“In the face of necessity to survive and to serve in some meaningful way, a new life was, in fact, invented,” she said. “Many of us are the results of these reinventions.”
The ministries are vital in today’s world, she reminded the leaders of congregations from across the country. By painting the scene with several vignettes, she led the group in the sprawling ballroom “through an exercise of hope that expresses our faith.”
“Everything we have known about ourselves is but history at this point. It will turn out to be a hollow shell, a pyrrhic victory, unless we enter into the challenge before us,” she said. She then led listeners in an exercise, encouraging them to consider the “horizon of expectation” to envision what a smaller LCWR would look like and how it would serve the members.
“This is the same thing that must be done at home in local communities,” she said.
Looking to the horizon, aware of the current situation, she said, “I call this putting faith into the practice of hope.”
Listeners in the audience walked away with new perspectives but said many of the congregations have wrestled with this issue for a while.
Sister Dawn Gear, who serves on the leadership council of her congregation, the Grey Nuns of the Sacred Heart, said the message delivered to the leaders in Atlanta isn’t new, but it reinforces how congregations need to be aware of the situation and perhaps make hard decisions. Sister Dawn said the Grey Nuns recently sold their motherhouse outside Philadelphia to secure money to pay for care of aging sisters.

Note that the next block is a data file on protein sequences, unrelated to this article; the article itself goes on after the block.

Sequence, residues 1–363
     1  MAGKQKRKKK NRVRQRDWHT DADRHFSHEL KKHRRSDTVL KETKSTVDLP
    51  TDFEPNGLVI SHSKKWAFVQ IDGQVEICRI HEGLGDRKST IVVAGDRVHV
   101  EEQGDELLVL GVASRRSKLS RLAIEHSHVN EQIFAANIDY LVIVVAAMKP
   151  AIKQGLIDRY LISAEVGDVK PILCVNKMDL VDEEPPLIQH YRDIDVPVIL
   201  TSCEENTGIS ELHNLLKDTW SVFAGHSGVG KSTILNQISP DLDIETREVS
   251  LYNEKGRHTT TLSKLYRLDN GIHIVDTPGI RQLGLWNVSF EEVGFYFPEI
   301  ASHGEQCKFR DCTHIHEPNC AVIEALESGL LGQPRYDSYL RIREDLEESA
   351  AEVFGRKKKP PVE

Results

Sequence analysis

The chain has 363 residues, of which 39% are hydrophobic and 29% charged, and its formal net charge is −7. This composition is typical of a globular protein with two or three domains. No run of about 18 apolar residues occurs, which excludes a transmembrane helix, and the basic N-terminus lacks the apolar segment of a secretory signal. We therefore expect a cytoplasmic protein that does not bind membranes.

“It’s like a family. We need to think about these things,” said Sister Dawn, who was the founding principal of three Catholic schools in the Atlanta Archdiocese. “We didn’t start this yesterday. But it’s here.”
Sister Miriam Harney, a member of the Sisters of the Holy Faith, works in Los Angeles as a grief counselor. She told The Georgia Bulletin, Atlanta’s archdiocesan newspaper, that she appreciated the viewpoint of making decisions after community contemplation and listening to others’ wisdom.
Decisions are reinforced by faith when religious communities “look out into the horizon and see what’s on the periphery,” she said, and are not just focused on immediate concerns.
Sister Catherine Patten, the provincial superior for the Religious of the Sacred Heart of Mary, said contemplation used by the community as a process to come to decisions is becoming a more regular practice.
“It’s a particular way of viewing the world and doing leadership,” she said.
Nelson is a staff reporter at The Georgia Bulletin, newspaper of the Archdiocese of Atlanta.
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The religious communities of women wearing habits are growing. The communities who do not are shrinking to the point of non-existence. Religious Sisters should wear at least a veil and a cross with their other clothes. The fact that most of you think that doesn’t matter and that, somehow, being identifiable as a Sister, creates a barrier between yourselves and those you serve is a big part of the problem. You need to embody the transcendent as well as the present.